The Prince William Board of County Supervisors is considering a $400 million transportation bond and a $200 million parks bond that could go in front of voters in November.
Prince William County staff presented a list of road and park projects that could be funded if approved at the ballot box. The last bond referendum was in 2006.
At-large Chair Corey Stewart said residents should voice their opinions regarding the proposed bond projects 6:30-9 p.m. Tuesday, May 21, at the Hylton Performing Arts Center.
“People want to make sure it’s affordable and it’s the right mix of projects,” he said.
The board will consider whether to move forward with referendums on June 18, Stewart said.
If approved, the bond would help the county leverage regional, state and federal dollars to stretch the county’s dollar. For example, the 2006 road bond authorized the county to use bond financing for up to $300 million. The county only ended up authorizing bonds for $150 million, because the county leveraged other sources of funding, he said.
INDOOR SPORTS COMPLEX
At the top of a short list of proposals for parks: An $84 million indoor sports complex in eastern Prince William County with a hydraulic 200-meter, six-lane indoor track that would be one of five in the nation.
Other projects proposed Tuesday include a $21.6 million community field house in Brentsville; $10.8 million in improvements to Long Park; $6 million to develop a new dynamic park with an amphitheater in the Neabsco district; $6 million to expand Fuller Heights Park; a $42 million aquatic and fitness center in Woodbridge that would offer residents east of I-95 with a nearby facility; and $23.6 million to fund trails and buy open space throughout the county, said Seth Hendler-Voss, the county’s director of the parks, recreation and tourism department.
Sixteen parents, coaches and athletes told the board they support the county building an indoor sports complex in the eastern end of the county.
The proposed indoor sports complex would be 230,000 square feet, have 3,500 fixed seats, and would cost around $84 million. It could also host high school graduations and provide sports opportunities that would attract visitors to the county. Out of all of the proposed park projects, the complex has the ability to pay for its debt, Hendler-Voss said.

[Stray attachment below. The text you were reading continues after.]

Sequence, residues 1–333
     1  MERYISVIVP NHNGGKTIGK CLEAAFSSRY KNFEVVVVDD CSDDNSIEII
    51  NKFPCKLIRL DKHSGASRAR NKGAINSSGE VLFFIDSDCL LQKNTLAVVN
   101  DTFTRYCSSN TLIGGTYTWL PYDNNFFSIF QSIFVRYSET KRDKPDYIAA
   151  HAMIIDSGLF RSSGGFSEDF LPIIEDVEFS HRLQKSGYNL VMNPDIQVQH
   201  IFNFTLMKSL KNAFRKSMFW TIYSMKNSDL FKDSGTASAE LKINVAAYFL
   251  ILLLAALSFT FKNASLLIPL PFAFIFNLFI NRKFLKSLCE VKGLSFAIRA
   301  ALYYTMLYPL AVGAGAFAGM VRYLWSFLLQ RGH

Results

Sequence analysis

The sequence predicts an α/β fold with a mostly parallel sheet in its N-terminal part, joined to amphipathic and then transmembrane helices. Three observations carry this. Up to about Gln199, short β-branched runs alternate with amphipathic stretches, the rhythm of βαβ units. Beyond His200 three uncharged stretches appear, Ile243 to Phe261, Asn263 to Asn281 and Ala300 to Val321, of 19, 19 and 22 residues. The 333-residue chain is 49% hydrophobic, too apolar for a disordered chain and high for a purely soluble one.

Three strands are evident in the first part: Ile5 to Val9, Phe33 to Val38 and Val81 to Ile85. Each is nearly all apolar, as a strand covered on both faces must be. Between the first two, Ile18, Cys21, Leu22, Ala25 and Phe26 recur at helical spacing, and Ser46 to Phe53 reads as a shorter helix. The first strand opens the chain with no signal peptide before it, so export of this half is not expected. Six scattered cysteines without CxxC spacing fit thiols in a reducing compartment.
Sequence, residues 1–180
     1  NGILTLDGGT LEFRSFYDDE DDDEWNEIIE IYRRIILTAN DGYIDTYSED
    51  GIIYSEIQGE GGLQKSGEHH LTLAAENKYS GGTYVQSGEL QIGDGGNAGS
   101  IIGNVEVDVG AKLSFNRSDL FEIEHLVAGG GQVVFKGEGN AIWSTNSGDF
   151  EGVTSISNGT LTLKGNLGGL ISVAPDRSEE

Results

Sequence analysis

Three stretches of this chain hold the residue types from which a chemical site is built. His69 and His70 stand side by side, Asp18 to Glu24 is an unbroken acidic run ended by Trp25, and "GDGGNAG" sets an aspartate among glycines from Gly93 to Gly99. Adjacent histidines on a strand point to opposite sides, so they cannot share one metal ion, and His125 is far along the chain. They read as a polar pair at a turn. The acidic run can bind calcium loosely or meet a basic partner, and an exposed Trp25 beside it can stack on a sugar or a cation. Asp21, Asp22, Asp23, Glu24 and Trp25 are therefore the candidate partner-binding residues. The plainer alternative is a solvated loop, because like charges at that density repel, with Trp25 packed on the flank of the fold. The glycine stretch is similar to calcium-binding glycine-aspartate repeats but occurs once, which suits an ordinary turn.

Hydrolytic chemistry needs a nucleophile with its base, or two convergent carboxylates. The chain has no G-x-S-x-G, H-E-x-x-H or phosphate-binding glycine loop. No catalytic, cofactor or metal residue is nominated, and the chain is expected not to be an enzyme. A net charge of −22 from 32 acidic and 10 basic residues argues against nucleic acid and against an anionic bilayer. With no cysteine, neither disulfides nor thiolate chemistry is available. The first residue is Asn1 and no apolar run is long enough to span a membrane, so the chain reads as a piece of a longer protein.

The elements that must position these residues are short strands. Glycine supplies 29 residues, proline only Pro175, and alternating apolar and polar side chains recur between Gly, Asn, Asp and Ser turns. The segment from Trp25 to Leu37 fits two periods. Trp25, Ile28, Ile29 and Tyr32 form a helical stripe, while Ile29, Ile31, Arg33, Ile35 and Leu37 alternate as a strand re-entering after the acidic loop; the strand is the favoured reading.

“There is a void for a facility like this in the D.C. area,” he said.
Benita Fitzgerald Mosley, an Olympic gold medalist and Gar-Field High School graduate, said the complex would provide opportunities for youth and the community in addition to benefiting local businesses.
She said she saw her daughter’s practices cancelled due to conditions in the winter. And being able to compete closer to home will help student-athletes have more balance in their lives, she said.
Calinda Hawkins, Patriot High School’s head track coach, said she has about 110-150 students on her team on average. During this past season, she said the high school spent nearly $3,000 on just entry fees for three indoor track meets.
“Imagine if you have a tournament here,” Hawkins said.
Staff identified $2.5 billion in mobility projects and narrowed that list down after working with supervisors, said Ricardo Canizales, county transportation director.
Proposed projects include $50 million to widen Devlin Road to four lanes; $30 million to extend University Boulevard; $300 million for a Route 28 bypass road; $12.5 million for intersection improvements to the Sudley Road corridor; $40 million to widen Route 55 and improve the Catharpin Road intersection; $70 million to add an interchange at Minnieville Road and Prince William Parkway; $15 million for a ramp at Gordon Boulevard and Old Bridge Road; $15 million for intersection improvements at Old Bridge Road and Prince William Parkway; $20 million to expand Summit School Road; a $70 million to expand Van Buren Road; $165 million to improve mobility in north Woodbridge at various locations adjacent to U.S. 1, Route 123, Horner Road, Annapolis Way and Marina Way; and $35 million for other smaller projects, said Canizales. A majority of the projects include bike and pedestrian access.
The proposed projects would create 50 new lanes in the county, 22 miles of bicycle and pedestrian access, and have a total cost of $512.5 million.
For all the projects, the county already has $27.8 million in funding available. The bond would be $400 million, meaning the county would still need $184.6 million in funding to complete the proposed projects, said Canizales.